Birmingham had a very different landscape to that other great product of the Industrial Revolution, Manchester. There were few of those great ‘satanic mills’ that came to characterise early nineteenth-century Northern England in the popular imagination. Nevertheless, this was a town of remarkable innovation and mass production and Birmingham certainly did have a problem with smoke pollution. When the French philosopher Alexis de Tocqueville visited in 1835, he described a town where everything is black, dirty and dark, although every moment breeds gold and silver (‘Journeys to England and Ireland’).
The dirt and the smoke that blighted Birmingham came from the numerous steam engines that drove the town’s metal rolling mills, glass houses and numerous furnaces. In 1818 the Street Commissioners received a letter from Walter Hopper Esq., complaining that the smoke from steam engines at the New Union Mill was exposing his estate, near Five Ways, to ‘volumes of smoke’ which rendered the land ‘quite disagreeable’. When looking through the Street Commissioners minutes this appears as a perennial complaint across several decades and across the town.
By the 1840s there was an increasing interest in issues of health and personal comfort and the Street Commissioners appointed a full time inspector of steam engine smoke in 1844. Jones was responsible to the Steam Engine Committee and would present official reports annually. There doesn’t appear to have been a formal system for measuring smoke at this time, other than timing the emissions and inspecting the engines. This report is taken from the original minute books of the Birmingham Street Commissioners, which can be viewed by appointment at Birmingham Heritage, Archives and Photography at the Library of Birmingham, reference MS 2818/1/8 (please be aware that, as a result of severe staff cut backs, opening times for the archives is now restricted, I would recommend phoning first)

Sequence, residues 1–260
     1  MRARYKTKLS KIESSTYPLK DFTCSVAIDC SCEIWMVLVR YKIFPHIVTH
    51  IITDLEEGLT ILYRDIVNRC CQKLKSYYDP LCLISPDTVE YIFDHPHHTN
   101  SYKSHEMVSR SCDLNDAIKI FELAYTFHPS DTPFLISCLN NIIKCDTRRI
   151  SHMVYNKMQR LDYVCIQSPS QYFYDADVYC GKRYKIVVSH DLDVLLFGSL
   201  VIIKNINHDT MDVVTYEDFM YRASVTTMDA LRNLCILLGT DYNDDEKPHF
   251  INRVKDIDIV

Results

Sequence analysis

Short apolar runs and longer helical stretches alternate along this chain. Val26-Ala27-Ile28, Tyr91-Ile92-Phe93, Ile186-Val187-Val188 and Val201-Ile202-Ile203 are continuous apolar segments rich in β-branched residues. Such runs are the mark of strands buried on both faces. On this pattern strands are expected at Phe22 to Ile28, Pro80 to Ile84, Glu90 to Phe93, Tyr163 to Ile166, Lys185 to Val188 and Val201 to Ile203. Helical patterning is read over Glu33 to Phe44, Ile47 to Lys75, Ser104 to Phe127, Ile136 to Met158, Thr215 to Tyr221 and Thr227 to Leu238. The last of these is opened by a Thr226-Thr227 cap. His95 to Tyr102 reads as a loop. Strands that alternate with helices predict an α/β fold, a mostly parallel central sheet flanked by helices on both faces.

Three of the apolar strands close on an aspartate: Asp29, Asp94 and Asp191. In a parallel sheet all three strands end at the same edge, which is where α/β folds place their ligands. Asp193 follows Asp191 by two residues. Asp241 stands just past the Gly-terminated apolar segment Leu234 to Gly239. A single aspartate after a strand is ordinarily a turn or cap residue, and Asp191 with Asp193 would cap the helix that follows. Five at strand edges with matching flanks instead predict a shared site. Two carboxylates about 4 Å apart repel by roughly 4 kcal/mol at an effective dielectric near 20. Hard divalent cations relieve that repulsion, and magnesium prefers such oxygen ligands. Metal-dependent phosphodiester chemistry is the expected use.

Report of Samuel Jones to the Commissioners of the Birmingham Street Act
February 5th 1849
‘When I commenced my duties in 1844 there were 173 steam engine chimneys, large and small, with 225 furnaces. Several parties had at that time applied means for consuming smoke but they were very seldom used, there being 111 chimneys that emitted dense black smoke from 16 to 35 minutes within every working hour, others varying from 6 to 16 minutes per hour. At the present time there are 224 steam engine chimneys, with 297 furnaces and 2 more now in course of erection. Which makes an increase in the last five years of 57 chimneys and 72 furnaces, the nominal power of the various engines amounting to about 3500 Horse Power. The quantity of fuel used for working of this power alone amounts to about 300 tons per day and most of it of the very commonest description. There are 17 of these chimneys, including some with flues from muffles in them that emit dense black smoke from 12 to 18 minutes within the hour, and 50 others though greatly improved since first under inspection, are still indifferent, they smoke from causes that may be avoided from 6 to 10 minutes within the hour, the others vary from 2 to 6 minutes per hour. There are 50 chimneys used exclusively for muffles, annealing pots and stoves – 22 for puddling and tube furnaces, 6 for glass houses, 2 for gas works – making a total of 304 chimneys (exclusive of smiths forges) from which such a quantity of dense smoke would arise as would envelop the whole town were it not for the many and excellent means adopted for its consumption. This shews that the nuisance is greatly abated but it is not to the extent it could be, as I am convinced that all steam engine proprietors ought to be in such a position, for their own advantage, as would enable them to work their engines without making so much smoke as would either injure the health of or be a nuisance to the Public’